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  48. Team Reasoning and a Measure of Mutual Advantage in Games.Jurgis Karpus & Mantas Radzvilas - 0201 - Economics and Philosophy 34 (1):1-30.
    The game theoretic notion of best-response reasoning is sometimes criticized when its application produces multiple solutions of games, some of which seem less compelling than others. The recent development of the theory of team reasoning addresses this by suggesting that interacting players in games may sometimes reason as members of a team – a group of individuals who act together in the attainment of some common goal. A number of properties have been suggested for team-reasoning decision-makers’ goals to satisfy, but (...)
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  49. ¿Cómo mide el riesgo el observador imparcial?Antonio J. Heras & David Teira - 2015 - Critica 47 (139):47-65.
    Exploramos aquí la conexión entre los conceptos de riesgo e igualdad en el argumento del observador imparcial. La concepción de la justicia que elegiría un observador imparcial se justifica por la pureza del procedimiento de elección. Sin embargo, si modelizamos esta decisión utilizando medidas del riesgo habituales en matemática financiera, veremos cómo el criterio de elección del observador bajo el velo de la ignorancia contiene una preferencia implícita por el grado de desigualdad resultante. Esto nos obliga a reconsiderar la pureza (...)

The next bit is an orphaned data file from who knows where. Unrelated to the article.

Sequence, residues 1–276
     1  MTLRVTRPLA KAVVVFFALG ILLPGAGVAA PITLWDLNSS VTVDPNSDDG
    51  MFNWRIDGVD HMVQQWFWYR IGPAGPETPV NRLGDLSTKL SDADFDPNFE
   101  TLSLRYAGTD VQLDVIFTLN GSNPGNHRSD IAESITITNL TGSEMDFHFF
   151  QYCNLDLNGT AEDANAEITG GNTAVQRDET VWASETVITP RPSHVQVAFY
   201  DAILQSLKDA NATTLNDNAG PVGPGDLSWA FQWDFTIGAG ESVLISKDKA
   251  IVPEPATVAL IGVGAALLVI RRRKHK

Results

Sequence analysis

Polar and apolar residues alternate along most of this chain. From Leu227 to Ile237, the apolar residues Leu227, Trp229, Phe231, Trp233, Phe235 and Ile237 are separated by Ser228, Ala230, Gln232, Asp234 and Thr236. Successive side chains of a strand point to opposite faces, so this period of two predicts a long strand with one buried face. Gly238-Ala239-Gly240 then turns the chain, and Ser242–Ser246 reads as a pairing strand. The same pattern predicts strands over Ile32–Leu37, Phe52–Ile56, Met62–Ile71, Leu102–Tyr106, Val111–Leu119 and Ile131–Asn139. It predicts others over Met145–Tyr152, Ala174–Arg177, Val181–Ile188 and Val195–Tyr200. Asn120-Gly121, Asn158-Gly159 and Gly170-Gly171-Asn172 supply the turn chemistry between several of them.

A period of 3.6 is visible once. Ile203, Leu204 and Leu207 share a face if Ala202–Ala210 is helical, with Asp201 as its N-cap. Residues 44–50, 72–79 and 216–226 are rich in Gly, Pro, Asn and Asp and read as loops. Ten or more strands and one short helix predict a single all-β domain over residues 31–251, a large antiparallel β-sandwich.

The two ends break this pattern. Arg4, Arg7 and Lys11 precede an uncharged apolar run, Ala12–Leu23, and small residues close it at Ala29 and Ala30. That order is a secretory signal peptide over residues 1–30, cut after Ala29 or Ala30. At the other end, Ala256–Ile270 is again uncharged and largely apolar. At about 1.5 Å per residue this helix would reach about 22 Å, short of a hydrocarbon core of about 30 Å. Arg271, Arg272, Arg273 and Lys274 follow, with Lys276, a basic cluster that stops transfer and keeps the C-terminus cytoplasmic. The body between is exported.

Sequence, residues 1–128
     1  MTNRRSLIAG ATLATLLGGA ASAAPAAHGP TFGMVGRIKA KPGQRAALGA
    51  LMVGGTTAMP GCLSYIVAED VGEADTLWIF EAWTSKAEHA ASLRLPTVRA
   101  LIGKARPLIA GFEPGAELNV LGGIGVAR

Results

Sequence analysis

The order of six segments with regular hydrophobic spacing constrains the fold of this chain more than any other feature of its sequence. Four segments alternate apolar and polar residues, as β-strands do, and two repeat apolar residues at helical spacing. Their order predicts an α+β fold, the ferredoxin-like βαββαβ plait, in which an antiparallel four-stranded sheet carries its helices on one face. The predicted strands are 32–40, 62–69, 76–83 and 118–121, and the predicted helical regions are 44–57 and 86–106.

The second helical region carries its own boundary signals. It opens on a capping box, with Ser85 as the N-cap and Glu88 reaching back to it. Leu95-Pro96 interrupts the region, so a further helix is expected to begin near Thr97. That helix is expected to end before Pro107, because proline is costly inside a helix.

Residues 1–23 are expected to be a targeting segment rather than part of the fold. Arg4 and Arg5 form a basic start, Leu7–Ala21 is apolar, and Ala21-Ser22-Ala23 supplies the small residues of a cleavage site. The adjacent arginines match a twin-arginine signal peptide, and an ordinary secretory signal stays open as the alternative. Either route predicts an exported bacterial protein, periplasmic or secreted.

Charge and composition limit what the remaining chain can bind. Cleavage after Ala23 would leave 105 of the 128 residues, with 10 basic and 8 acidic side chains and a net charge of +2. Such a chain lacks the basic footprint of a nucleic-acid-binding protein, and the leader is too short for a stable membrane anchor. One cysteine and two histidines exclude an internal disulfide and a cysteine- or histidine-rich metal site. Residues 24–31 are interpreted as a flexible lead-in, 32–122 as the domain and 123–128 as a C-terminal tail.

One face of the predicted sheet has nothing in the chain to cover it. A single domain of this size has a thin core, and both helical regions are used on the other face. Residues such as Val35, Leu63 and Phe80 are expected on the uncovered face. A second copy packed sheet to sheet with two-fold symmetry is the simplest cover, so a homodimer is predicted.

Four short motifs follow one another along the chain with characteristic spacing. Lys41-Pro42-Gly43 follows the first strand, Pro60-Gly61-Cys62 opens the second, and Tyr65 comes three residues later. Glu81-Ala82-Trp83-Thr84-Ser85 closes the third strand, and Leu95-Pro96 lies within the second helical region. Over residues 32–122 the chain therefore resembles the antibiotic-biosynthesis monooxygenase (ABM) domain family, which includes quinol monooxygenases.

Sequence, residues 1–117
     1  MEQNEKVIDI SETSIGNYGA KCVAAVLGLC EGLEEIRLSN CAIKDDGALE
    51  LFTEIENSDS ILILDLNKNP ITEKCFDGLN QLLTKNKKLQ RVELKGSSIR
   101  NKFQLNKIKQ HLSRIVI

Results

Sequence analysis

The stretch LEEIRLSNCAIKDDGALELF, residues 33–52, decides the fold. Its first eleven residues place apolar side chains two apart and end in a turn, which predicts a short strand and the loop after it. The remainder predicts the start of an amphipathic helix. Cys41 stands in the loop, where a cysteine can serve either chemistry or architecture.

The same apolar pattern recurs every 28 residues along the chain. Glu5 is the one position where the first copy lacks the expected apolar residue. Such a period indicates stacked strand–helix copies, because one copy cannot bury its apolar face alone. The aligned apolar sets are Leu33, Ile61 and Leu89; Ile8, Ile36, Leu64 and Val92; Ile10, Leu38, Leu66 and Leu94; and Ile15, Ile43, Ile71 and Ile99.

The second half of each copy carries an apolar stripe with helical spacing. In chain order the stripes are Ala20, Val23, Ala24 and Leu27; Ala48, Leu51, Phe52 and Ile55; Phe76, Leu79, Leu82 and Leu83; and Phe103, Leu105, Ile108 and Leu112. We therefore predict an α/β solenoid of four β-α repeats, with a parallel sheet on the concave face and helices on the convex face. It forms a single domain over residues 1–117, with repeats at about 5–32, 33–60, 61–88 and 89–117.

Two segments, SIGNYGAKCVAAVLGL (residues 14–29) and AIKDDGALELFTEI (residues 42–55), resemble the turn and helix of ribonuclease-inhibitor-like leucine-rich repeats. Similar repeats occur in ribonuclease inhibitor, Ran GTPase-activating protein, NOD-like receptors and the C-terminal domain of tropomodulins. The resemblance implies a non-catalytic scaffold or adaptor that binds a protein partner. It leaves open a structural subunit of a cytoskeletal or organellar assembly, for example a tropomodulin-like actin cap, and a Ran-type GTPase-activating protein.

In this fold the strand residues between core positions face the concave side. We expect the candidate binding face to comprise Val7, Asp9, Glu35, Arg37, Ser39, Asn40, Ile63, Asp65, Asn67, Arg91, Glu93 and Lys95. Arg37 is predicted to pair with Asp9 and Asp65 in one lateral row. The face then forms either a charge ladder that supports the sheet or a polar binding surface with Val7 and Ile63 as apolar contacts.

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  50. The Narrowed Domain of Disagreement for Well-Being Policy.Gil Hersch - 2018 - Public Affairs Quarterly 32 (1):1-19.
    in recent years, policy makers have shown increasing interest in implementing policies aimed at promoting individual well-being. But how should policy makers choose their well-being policies? a seemingly reasonable first step is to settle on an agreed-upon definition of well-being. yet there currently is significant disagreement on how well-being ought to be characterized, and agreement on the correct view of well-being does not appear to be forthcoming. Nevertheless, i argue in this paper that there are several reasons to think that (...)